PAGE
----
Dynamic Control of Metamaterials at Terahertz Frequencies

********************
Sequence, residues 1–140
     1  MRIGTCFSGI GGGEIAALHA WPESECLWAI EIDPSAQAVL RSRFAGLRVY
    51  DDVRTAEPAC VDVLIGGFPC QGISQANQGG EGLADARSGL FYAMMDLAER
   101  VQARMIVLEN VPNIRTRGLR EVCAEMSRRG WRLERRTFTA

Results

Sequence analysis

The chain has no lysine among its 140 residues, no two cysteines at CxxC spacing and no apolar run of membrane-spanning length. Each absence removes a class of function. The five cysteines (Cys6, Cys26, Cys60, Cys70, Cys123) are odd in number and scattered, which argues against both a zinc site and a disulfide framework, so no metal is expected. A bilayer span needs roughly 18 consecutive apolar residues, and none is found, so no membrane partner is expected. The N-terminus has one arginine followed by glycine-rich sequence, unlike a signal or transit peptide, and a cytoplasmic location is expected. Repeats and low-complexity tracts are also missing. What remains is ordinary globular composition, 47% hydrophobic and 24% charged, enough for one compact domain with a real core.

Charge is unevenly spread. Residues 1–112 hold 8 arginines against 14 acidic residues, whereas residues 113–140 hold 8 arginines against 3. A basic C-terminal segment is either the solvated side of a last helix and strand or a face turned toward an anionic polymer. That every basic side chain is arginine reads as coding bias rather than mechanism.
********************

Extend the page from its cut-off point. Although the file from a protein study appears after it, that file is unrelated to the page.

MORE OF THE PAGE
Progress in the field of metamaterials has started coming to a point where the field may finally begin to emerge as a viable solution to many electromagnetic challenges facing the community. No where is that more true then at terahertz frequencies where there lies an immense opportunity for growth. The development of mature technologies within this region of the electromagnetic spectrum would provide a valuable resource to become available for a multitude of applications. In order to achieve this, the necessary first steps of identifying viable materials and paths to integrate these with metamaterials will need to be completed. In this dissertation, we examine several different paths to achieve dynamic metamaterial electromagnetic response at terahertz frequencies, and demonstrate several paths to package these devices into imaging systems. In Chapter 1, we introduce the basic theory and design principles of metamaterials. We also describe the experimental techniques involved in the study of terahertz metamaterials. Chapter 2 presents a computational and experimental study investigating the integration of high electron mobility transistors with metamaterials allowing for high speed modulation of incident terahertz radiation. In Chapters 3 and 4, we investigate several different paths to create tunable terahertz metamaterial absorbers. Chapter 3 presents an investigation where we encapsulate a metametarial absorber unit cell with liquid crystals. We study both computationally and experimentally the tuning mechanism of the absorber as the liquid crystal refractive index is controlled as a function of the applied electric field strength and modulation frequency. In Chapter 4, we form a doped semiconducting metamaterial spatial light modulator with multi-color super-pixels composed of arrays of electronically controlled terahertz metamaterial absorbers. We computationally and experimentally study the independent tunability of each pixel in the spatial array and demonstrate high speed modulation. Chapter 5 introduces a multiplex imaging approach by using a terahertz spatial light modulator to enable terahertz imaging with a single pixel detector. We demonstrate the capability for high speed image acquisition, currently only limited by the commerical software used to reconfigure the spatial masks. We also configure the system to capture high fidelity images of varying complexity. In Chapter 6, we show how a metamaterial absorber can be implemented into a detector focal plane array for high sensitivity, low mutual coupling, and broad angle performance. Finally, we summarize in Chapter 7 the achievments of the research presented and highlight the direction of future work.